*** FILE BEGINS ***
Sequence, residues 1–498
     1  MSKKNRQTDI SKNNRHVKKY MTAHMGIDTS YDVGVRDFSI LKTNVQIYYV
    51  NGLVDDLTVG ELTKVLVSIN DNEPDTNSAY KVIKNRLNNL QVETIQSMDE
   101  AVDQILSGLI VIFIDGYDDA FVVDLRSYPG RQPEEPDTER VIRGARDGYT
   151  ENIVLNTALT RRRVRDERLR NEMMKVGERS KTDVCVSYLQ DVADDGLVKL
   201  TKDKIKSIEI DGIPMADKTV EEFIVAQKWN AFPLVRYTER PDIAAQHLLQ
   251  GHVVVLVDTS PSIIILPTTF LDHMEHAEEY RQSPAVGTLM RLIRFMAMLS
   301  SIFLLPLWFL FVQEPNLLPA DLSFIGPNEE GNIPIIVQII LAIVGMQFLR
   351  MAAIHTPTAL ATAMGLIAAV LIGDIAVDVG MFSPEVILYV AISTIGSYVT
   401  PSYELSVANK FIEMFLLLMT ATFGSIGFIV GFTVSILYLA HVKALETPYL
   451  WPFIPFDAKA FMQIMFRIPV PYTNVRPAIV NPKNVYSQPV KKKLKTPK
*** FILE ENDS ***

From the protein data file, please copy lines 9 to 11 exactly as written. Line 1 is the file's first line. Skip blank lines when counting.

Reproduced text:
   351  MAAIHTPTAL ATAMGLIAAV LIGDIAVDVG MFSPEVILYV AISTIGSYVT
   401  PSYELSVANK FIEMFLLLMT ATFGSIGFIV GFTVSILYLA HVKALETPYL
   451  WPFIPFDAKA FMQIMFRIPV PYTNVRPAIV NPKNVYSQPV KKKLKTPK